Detroit Bankruptcy Likely to Spark a Pension Brawl

Filing Will be a Test Case of How Far a City Can Go in Shedding Retiree Costs

What does bankruptcy mean for Detroit? How bad is the situation in terms of city services? How did Motor City get into this position? WSJ's Jason Bellini has #TheShortAnswer.

Detroit's historic bankruptcy filing will be a test case for how far a major U.S. city can go in dealing with a chronic problem facing many local and state governments: unsustainable pension costs.

Emergency manager Kevyn Orr has said all city workers, both current and retired, could see pensions cut to help resize Detroit's finances.

It is a scary prospect not only for Detroit workers who have been counting on these guaranteed benefits, but for workers in cities across the U.S. who have assumed that their pensions were untouchable, even in bankruptcy.

Almost every state in the U.S. has made cuts to its public-employee pensions, seeking to dig out from the economic downturn. But many of these changes apply only to newly hired workers, not to retirees.

States aren't allowed to file for bankruptcy protection. But in a few cities—including Central Falls, R.I., and Prichard, Ala., that like Detroit have filed under Chapter 9 of U.S. Bankruptcy Code—bankruptcy has led to big cuts to retired city workers.

"These cases are exposing the fact that many municipal workers are unprotected and suffering big losses of income that they thought were pretty much guaranteed,'' said Robert Flanders, a judge, who was appointed by Rhode Island to help oversee and guide Central Falls through bankruptcy.

Retirees in Central Falls agreed to 50% cuts in pension benefits, in many cases, after the small city filed for bankruptcy in 2011. By contrast, the city's bondholders were paid in full.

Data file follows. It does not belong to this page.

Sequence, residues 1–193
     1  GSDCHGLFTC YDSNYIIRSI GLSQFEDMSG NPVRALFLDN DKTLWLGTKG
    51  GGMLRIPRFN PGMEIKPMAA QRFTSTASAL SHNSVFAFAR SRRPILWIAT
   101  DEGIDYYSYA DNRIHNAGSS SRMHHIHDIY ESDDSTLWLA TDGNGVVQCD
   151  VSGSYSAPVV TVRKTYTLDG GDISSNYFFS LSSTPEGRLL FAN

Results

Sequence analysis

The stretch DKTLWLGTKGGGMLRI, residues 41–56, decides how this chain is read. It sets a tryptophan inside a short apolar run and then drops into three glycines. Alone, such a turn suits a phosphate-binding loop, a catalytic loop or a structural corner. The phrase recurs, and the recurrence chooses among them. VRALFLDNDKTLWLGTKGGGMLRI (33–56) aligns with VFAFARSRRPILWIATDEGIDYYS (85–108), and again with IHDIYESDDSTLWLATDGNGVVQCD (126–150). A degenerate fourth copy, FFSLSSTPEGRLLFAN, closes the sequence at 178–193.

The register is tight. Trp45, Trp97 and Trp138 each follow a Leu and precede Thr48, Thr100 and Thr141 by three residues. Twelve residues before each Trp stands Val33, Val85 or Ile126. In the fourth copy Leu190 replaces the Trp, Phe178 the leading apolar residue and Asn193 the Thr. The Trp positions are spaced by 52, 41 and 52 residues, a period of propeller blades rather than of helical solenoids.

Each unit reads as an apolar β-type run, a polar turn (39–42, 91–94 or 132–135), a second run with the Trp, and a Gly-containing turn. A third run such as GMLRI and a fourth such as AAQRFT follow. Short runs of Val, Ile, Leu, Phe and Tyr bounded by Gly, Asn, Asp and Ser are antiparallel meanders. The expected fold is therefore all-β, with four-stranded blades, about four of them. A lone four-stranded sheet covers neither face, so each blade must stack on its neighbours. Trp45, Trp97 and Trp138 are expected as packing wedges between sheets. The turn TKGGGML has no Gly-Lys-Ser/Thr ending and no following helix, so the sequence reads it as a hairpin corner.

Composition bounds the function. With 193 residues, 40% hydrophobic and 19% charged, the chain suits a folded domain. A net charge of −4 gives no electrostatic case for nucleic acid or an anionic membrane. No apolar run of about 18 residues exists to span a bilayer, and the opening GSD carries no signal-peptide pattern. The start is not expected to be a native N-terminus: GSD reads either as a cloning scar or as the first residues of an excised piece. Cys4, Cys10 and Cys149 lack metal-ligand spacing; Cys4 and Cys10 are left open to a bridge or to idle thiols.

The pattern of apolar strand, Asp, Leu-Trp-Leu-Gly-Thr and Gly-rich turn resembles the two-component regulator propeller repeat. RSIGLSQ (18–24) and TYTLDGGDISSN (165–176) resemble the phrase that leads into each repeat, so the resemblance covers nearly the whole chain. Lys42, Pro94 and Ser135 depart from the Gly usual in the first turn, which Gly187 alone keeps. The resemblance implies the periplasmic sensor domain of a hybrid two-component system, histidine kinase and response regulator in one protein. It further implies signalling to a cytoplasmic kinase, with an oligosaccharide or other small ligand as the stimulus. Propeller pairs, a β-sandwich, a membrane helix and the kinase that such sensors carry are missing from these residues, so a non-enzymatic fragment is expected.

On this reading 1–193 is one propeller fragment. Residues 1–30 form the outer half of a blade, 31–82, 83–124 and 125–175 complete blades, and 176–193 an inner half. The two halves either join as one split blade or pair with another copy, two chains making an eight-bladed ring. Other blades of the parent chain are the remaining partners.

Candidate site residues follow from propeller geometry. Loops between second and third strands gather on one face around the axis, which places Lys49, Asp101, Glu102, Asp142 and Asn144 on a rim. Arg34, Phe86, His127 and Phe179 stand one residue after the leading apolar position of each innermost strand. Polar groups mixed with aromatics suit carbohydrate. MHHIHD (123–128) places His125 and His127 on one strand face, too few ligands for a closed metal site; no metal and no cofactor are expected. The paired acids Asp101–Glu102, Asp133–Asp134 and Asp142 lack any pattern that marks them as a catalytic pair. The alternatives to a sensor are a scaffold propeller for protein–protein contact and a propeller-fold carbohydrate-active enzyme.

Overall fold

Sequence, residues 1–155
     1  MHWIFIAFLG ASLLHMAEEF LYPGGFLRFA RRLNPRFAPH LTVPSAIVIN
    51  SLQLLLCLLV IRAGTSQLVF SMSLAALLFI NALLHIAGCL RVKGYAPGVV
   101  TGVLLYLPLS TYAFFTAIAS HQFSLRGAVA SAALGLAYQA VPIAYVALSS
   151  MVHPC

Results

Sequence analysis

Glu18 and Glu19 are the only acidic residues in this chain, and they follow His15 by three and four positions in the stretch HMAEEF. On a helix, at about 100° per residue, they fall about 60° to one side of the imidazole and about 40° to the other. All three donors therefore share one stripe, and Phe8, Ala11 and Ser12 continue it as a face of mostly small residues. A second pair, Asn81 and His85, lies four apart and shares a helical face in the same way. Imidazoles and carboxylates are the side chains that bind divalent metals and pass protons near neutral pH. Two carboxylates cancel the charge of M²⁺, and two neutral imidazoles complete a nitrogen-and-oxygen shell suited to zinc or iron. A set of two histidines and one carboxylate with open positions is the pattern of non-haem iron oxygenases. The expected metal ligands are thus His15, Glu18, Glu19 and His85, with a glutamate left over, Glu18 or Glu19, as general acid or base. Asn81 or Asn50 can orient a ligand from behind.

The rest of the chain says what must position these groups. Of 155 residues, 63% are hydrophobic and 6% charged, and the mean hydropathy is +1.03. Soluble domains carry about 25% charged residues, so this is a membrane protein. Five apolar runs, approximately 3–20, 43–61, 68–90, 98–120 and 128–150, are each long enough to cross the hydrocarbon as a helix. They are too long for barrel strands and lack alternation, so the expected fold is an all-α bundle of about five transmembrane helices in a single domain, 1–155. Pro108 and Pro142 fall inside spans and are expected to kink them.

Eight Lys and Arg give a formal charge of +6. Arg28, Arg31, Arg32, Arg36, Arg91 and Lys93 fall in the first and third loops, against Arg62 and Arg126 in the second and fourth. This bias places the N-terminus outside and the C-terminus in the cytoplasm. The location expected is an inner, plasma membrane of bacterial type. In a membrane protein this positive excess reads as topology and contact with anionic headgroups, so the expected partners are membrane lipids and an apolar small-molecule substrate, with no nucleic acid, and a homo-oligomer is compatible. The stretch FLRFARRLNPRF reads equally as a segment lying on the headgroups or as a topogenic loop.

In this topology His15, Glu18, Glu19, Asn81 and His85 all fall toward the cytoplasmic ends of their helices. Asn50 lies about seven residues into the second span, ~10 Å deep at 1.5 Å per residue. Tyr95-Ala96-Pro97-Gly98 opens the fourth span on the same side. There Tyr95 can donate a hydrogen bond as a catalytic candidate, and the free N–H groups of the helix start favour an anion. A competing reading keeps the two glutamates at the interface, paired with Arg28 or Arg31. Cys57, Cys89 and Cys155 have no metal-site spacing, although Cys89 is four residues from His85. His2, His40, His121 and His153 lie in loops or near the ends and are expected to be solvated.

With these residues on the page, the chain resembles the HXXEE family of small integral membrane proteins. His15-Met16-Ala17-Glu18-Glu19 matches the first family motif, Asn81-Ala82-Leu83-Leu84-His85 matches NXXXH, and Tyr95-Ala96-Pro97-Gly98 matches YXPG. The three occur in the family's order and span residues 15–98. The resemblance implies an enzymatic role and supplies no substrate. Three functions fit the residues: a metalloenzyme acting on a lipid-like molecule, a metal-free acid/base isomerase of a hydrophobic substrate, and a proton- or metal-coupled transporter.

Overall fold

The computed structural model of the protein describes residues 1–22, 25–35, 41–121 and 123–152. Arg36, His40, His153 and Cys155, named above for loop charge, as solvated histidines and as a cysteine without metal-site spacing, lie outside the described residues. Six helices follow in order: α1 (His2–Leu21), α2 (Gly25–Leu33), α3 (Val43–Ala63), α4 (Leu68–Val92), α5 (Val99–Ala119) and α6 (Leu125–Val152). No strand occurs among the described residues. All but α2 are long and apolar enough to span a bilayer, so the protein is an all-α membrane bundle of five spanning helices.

Michigan Gov. Rick Snyder says Detroit's bankruptcy filing is an opportunity to stop 60 years of decline and create a stronger, better city, at a press conference Friday. Photo: AP.

Bankruptcy lawyers and pension experts say these cases—and Detroit's filing Thursday—prove it can be less painful for public-sector unions and city officials to agree on how to curb high pension costs before reaching bankruptcy court.

Filmmaker Heidi Ewing's documentary "Detropia" presented a collage of Detroit on the brink of dissolution, taking the prize for editing at the Sundance Film Festival in 2012. She joins the News Hub to offer her perspective on the city's bankruptcy filing. Photo: Loki Films.

"The lesson of Detroit is that it is better to take care of this issue before bankruptcy,'' said James Spiotto, a lawyer at Chapman & Cutler LLP. "Even if you think you have the right to get paid, you are taking a big risk in bankruptcy."

Detroit emergency manager Kevyn Orr says bankruptcy is a tool to achieve goals such as health, safety and welfare of the city's 700,000 citizens, at a press conference Friday. Photo: AP.

Pensions are an important way that state and local governments compensate and attract workers. But the spate of recent municipal bankruptcies are showing that public pensions may lack the basic safety nets that private-sector benefits enjoy. Pensions granted by companies are typically backstopped by the Pension Benefit Guaranty Corp. and regulated by federal law. Public pensions are not.

It is unlikely that the federal government would intervene in the Detroit bankruptcy to bail out city workers or any other creditors, according to state and White House officials. But such aid is not without precedent. New York City received federal financing to help ease its fiscal crisis in the 1970s.

Detroit's road to financial ruin started decades ago with city leaders agreeing to generous pension benefits, which were managed by boards with overly optimistic projections for investment gains, state officials say.

Detroit officials failed to anticipate how the drastic loss in revenue coming into city coffers from local taxes and state aid would drain the funds' assets. State officials say that the funds performed poorly as a result of mismanagement, and federal investigators have probed their operations in an continuing criminal investigation.

Of the city's $18 billion in long-term liabilities, $3.5 billion is now owed to city pensions, while another $6.4 billion is owed to fund other employee benefits, largely retiree health care.


The General Motors headquarters building is seen in the distance past a run down building in Detroit in April.

"We cannot pay it," Mr. Orr said in an interview Friday. "Everyone has known that for the last 20 years, and no one has wanted to deal with it."

The gap became even more acute in the last decade as the city struggled to pay its pension obligations using complex financial swaps.

But instead of alleviating Detroit's debt burden, the complex deals further tied the city's hands and eventually cut off access to millions of dollars in casino revenue.